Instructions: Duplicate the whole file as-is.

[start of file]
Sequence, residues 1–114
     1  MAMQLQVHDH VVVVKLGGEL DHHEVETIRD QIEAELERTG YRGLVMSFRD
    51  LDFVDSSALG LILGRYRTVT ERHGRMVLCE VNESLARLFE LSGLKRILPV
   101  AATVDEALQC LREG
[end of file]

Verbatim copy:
Sequence, residues 1–114
     1  MAMQLQVHDH VVVVKLGGEL DHHEVETIRD QIEAELERTG YRGLVMSFRD
    51  LDFVDSSALG LILGRYRTVT ERHGRMVLCE VNESLARLFE LSGLKRILPV
   101  AATVDEALQC LREG